Private registration plates are a great way to personalise your vehicle. They give you the chance to turn something you own on paper into a piece of design that truly represents you.
Names, sports teams and lucky numbers; they’re all common features on a private registration. And contrary to some people’s beliefs, they don’t have cost a fortune.
But there are some things you need to know before choosing yours; the first being where you can actually get one.
Where to get a private registration plate
There are a few places you can find and choose your private reg. Just a quick search online brings up many options.
However, for ultimate peace of mind, you’re probably better off going with the DVLA themselves.
When you land on the website, you’re given a search tool which lets you input numbers and letters and browse what’s available right now; as well as what’s going to be hitting the auctions soon.
It’ll give you a price, and you can even buy it there and then; depending on availability. But you can’t just put any reg plate on your car; there is one rule, in particular, you need to be aware of.
It’s important to note that you can’t make a car look younger than it is. On a standard, modern reg plate, you can tell a car’s registration age by the two numbers after the first two letters.
For example, in the image above, you can tell by the two numbers highlighted that the vehicle was registered between March and August 2005.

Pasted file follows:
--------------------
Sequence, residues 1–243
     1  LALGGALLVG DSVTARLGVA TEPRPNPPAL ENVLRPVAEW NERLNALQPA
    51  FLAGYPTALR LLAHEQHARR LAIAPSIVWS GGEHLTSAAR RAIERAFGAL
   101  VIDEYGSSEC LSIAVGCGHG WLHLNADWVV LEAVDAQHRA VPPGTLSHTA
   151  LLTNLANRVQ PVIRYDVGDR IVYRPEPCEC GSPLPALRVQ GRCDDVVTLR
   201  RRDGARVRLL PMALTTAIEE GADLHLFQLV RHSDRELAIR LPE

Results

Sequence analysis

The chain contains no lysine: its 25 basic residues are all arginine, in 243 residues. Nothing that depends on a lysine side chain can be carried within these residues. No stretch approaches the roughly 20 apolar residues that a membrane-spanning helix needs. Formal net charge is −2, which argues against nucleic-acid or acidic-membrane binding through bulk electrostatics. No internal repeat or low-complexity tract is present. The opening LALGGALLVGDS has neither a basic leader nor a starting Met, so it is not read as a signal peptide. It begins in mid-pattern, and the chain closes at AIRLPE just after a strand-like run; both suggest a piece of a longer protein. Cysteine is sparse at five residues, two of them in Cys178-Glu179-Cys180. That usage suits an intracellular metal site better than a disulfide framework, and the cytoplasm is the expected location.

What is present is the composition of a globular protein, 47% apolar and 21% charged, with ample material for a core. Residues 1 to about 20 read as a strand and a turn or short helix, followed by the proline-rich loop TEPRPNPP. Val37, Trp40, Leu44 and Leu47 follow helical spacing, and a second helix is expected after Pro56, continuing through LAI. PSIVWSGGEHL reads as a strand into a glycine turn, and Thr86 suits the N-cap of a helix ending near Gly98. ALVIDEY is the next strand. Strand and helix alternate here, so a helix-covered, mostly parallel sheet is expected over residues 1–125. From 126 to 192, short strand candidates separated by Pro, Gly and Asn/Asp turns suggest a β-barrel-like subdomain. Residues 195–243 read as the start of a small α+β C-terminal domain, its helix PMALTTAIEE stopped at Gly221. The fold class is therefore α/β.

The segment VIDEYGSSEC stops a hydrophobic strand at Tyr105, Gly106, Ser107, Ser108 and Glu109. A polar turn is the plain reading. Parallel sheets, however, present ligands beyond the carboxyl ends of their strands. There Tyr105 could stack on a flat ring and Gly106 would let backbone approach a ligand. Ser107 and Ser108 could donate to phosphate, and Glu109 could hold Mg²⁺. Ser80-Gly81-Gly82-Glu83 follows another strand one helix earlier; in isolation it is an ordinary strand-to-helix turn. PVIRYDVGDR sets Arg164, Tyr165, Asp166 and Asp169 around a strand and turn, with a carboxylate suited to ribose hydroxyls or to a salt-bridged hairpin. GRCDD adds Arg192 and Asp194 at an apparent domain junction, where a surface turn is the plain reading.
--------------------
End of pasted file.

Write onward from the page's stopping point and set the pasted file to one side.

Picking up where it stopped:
In the one below, ‘55’ also signifies the same sort of time period; however, means that the vehicle was registered between September 2005 and February 2006.
So, if your car was registered in March 2015, for example, where the numbers would read ‘15’, you couldn’t put a 65, 16, 66 etc. registration plate on it, as that would make it look younger.
You can, however, make it seem older than it is. For example, you could put an ‘05’ reg on it.
A few more rules
A few more details you should be aware of is the colour scheme. On UK roads, you must have a white registration plate at the front, and yellow at the back.
The plate must also be made of reflective material and not feature any font that isn’t approved by the DVLA.
You are allowed a flag on the side of the plate, to add that final touch. But there are rules surrounding it. In the UK, it’s the Union Jack or, at time of writing, the EU flag – and that’s it.
So, you can’t put your sports team’s crest on your plate, for example.
How to transfer a private registration plate
You’ve got your plate, now to put it on your vehicle. You can’t just pop it on and that be that; you have to make the DVLA aware through what’s called a cherish transfer.
To assign a private number plate to a vehicle, you need one of the following:
- a V778 retention document
- a V750 certificate of entitlement
- an online reference number
You get one of these when you either buy a number or take a number from another vehicle you own.
Then, you can apply to change it online using this link.
Once you’ve done that, and providing your new plate meets all regulations or there’s no inspection necessary, you can put your new plates on.
You’ll get a new V5 (registration document) through the post with your new reg on it, and that’ll be that.
How to take a private number plate off
If you want to take a number off it’s a similar process. Again, apply for the transfer online here and the DVLA take care of the rest.
Can I add a private plate before picking my new car up from Hippo?
Yes. Follow the online process and make the transfer as laid out above.
Then, when all that’s done, get in touch with us and we’ll print the plates and put them on your new Hippo vehicle for you.
If you’ve bought a car with us, or are looking and want help and advice on transferring your plates, don’t hesitate to get in touch.